Making a quilted pillow is a beautiful way to use up old material scraps. Continue reading
To make these St. Patrick’s Day crafts, all you need is a little paint and glitter for some appropriately shamrock-ed dinnerware. Continue reading
This is the explaination for how to make Loki’s coat, cape, and tunic. Continue reading
Here is the second part of the Loki Costume tutorial. These are the gold bracers. Continue reading
Here is the first part of the Loki Costume tutorial. It’s a fairly simple and inexpensive way to make a Loki staff that actually lights up. Continue reading
These little Valentine decorations go together pretty quick and they’re easy enough Valentine crafts that kids can make them. Continue reading
A little cardboard, yarn, and some tacky glue are all you need to make a cute Valentine heart garland. Continue reading
A shag rag rug is the perfect way to use up old shirts or other rag material you might have laying around the house. Continue reading
You can buy flare jeans in the store, but when you make them yourself, you can add more of your personal style to your flares. Continue reading
This tutorial shows how to make a Christmas wreath using pine cones. The pine cones are spray painted white to create a contrasting background for the red birds and ribbon. Continue reading
These DIY wedding invitations are easy, inexpensive, and fairly quick to make, but the lace and ribbon give them an elegant touch. Continue reading
Here is part 2 of the Harry Potter costume tutorial. This covers making the robe, the house crest, and a pair of glasses. Continue reading
This is a quick and easy Harry Potter costume that requires almost no sewing, save for a small bit to attach the robe closure. It’s easy enough that kids can make it themselves. Continue reading
Here is the third and final part of the Thor costume tutorial. I was starting to run out of time before the comic con, so I wasn’t able to film the actual production of these parts, but here’s the explain on how to complete the remaining Thor costume pieces. Continue reading
This one was a request I got from someone wanting to make heart-shaped wheat weavings as favors for their wedding. The hearts are woven around a wire core which allows you to bend the finished weaving into any shape; in this case a heart.
You can upcycle an old pair of jeans into a fun denim skirt by adding a little bit of material. It’s a good way to use up old jeans that have holes in the knees, but where the top is still good. Continue reading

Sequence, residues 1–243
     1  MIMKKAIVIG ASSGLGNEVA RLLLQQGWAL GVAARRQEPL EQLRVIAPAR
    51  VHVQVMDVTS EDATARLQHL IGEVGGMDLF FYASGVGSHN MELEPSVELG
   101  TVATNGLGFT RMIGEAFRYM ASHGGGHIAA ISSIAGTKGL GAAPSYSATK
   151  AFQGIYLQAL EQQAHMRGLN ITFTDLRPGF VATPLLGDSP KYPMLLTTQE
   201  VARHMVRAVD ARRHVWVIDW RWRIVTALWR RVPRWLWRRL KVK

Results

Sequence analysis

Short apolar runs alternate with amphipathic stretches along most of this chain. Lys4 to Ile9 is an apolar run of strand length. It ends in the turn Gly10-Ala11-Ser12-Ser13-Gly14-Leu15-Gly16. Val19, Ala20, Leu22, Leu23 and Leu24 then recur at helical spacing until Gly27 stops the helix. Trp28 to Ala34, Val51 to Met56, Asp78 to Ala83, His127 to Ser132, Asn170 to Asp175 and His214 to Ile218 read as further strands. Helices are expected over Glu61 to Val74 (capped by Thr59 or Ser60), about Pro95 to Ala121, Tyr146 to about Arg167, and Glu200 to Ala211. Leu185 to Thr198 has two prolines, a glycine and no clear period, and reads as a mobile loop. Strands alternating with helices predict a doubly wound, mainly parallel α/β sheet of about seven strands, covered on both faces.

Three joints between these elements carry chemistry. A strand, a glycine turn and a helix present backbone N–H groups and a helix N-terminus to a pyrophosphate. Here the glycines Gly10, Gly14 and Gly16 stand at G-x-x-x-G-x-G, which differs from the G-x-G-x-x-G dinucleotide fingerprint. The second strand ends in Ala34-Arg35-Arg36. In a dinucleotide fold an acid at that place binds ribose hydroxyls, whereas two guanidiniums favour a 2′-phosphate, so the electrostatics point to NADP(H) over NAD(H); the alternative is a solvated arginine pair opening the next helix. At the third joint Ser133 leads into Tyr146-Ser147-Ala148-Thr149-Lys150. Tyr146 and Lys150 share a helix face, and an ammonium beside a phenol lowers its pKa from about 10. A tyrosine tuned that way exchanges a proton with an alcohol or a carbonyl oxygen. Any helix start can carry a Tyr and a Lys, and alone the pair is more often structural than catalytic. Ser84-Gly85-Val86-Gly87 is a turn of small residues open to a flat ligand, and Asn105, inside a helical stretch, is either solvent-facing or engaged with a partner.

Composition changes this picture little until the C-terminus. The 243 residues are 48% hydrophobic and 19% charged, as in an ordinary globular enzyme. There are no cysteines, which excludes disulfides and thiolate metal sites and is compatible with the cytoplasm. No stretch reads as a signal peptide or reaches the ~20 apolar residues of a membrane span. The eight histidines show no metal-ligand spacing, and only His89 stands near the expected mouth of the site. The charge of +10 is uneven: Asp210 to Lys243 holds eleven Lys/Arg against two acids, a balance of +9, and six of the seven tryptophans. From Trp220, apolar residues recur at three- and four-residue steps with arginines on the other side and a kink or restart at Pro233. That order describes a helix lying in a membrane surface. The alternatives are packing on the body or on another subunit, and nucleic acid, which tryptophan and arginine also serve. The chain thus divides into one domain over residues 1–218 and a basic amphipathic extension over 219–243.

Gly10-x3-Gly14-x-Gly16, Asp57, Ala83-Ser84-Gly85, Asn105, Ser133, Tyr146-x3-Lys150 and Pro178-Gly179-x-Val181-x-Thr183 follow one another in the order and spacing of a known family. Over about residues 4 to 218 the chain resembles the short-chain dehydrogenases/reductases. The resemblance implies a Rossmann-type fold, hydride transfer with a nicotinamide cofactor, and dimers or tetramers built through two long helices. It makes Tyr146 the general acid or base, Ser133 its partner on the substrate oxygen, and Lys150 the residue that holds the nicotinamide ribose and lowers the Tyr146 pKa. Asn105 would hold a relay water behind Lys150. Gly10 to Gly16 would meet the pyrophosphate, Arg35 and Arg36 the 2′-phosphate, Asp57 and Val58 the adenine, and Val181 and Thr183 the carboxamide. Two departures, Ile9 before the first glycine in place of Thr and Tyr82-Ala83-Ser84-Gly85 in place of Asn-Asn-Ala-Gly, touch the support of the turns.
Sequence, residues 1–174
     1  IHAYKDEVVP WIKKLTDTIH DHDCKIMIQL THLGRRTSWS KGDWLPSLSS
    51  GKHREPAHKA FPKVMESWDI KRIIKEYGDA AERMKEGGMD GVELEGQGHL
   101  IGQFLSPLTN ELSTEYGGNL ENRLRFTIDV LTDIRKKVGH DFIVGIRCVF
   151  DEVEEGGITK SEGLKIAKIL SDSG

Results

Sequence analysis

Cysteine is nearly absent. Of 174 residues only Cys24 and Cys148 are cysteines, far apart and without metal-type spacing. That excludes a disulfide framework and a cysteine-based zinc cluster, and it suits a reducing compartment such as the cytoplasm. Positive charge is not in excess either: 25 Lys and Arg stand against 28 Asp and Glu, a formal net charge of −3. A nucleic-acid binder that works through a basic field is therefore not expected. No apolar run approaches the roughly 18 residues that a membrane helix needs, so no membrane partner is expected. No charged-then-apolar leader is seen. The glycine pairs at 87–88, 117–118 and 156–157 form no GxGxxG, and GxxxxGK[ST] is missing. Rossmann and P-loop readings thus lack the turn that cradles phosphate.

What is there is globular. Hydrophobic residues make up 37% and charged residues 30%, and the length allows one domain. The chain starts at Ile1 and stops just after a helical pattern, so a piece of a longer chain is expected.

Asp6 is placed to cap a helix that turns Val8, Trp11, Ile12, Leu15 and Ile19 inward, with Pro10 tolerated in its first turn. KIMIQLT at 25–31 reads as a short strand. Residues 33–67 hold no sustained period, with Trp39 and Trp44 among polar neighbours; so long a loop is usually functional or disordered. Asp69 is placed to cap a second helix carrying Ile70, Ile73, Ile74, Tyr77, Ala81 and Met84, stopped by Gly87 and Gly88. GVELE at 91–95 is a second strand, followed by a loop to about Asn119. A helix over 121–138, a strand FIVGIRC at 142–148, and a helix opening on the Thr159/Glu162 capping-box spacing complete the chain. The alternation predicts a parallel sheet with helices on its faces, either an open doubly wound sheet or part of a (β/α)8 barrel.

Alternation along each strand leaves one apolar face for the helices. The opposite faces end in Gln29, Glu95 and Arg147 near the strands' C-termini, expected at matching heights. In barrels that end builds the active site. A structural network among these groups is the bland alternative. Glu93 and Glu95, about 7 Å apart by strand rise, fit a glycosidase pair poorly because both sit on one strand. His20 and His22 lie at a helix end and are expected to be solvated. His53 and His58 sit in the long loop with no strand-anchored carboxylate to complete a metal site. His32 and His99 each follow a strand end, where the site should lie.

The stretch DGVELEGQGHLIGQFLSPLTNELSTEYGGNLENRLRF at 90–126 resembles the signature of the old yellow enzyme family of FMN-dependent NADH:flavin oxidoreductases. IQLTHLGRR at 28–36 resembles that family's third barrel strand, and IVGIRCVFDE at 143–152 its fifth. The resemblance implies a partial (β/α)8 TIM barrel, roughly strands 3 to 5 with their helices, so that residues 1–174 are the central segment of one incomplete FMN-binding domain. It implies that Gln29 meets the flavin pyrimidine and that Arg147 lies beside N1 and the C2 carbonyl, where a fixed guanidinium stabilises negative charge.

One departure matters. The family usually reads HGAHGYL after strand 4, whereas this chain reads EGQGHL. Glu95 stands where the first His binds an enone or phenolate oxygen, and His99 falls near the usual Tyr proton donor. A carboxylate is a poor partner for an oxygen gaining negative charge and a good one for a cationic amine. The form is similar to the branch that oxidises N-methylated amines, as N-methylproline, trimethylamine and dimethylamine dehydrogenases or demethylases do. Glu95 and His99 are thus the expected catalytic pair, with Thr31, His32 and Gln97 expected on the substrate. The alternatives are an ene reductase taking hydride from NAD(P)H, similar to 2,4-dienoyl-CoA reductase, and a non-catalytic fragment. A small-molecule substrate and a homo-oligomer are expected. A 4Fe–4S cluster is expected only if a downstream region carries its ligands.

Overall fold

This is a quick way to put a “reverse” image design on an Easter egg.
Just dab a little paint over the leaf with the sponge and the leaf’s basic shape remains free of paint on the egg. Continue reading
With St. Patrick’s Day being next week and all, a leprechaun costume or two usually shows up this time of year. You can turn pretty much any pair of plain, black shoes into leprechaun shoes to go with a leprechaun costume just by using a little cardboard, gold paint and some masking tape. Continue reading
This decoration was inspired by those garden spinners that seem to be so popular now. They’re usually metal, in several layers, and the layers separate and spin at the slightest breeze. This shamrock for St. Patrick’s day won’t be outdoors, so cardstock works fine instead of metal for this decoration. Continue reading
This little card is made by placing colored paper or cardstock under a printed tissue paper overlay for a muted rainbow effect. Easy for kids. Using recycled paper keeps your cards eco-friendly.
Scuffing my feet in and out of farm boots all the time means that I go through pairs of socks pretty fast. That leaves me with quite the pile of socks with holes in the heels. I’ve tried darning them, but it doesn’t really last that long, so what to do with all those un-wearable socks? Make sock sachets!
More specifically, sock sachets filled with lavender. It’s a “two birds with one stone,” solution. Moths don’t like the smell of lavender, so a sachet filled with lavender heads keeps moths away from clothes just as well as cedar or mothballs would (and the lavender smells a lot better too!). And making the sachets out of old socks is a great way to upcycle socks that are past their prime.
Most Valentines go through the mail, are enjoyed for a few weeks, and are then thrown out, never to be seen again. So this year I decided to try something a little more practical, by giving out Valentine magnets instead of Valentine cards. They’re something practical (as far as I know, everybody uses magnets at some point or another) as well as being cute enough to keep year round.
These little magnets are also a good way to recycled excess seambinding pieces, small bits of cardstock and business card magnets. (In the office where I work, they often update the magnetic business cards. Rather than throw out the old ones, I take them home for crafts, so I’ve usually got plenty that need recycling.) The lace makes these look fancy, but really they only take a few minutes to make, and since they use hot glue, you don’t even have to wait long for the glue to dry!
Here’s a simple, kid-friendly Valentine card that’s good to do with younger kids. It’s quick and easy and turns a bunch of hearts into a flower for Valentine’s Day. Regular tacky glue and kid-friendly scissors will help keep the project nice and safe for tiny hands.
This wreath uses 6 strips of scrapbooking cardstock to make hearts. I used tacky glue to fasten my hearts together which makes the sides pinch up and gives the hearts a pointed, abstract look. If you don’t like that look and want the heart edges to remain rounded, use some scrapbooking sticky dots instead to connect the hearts together.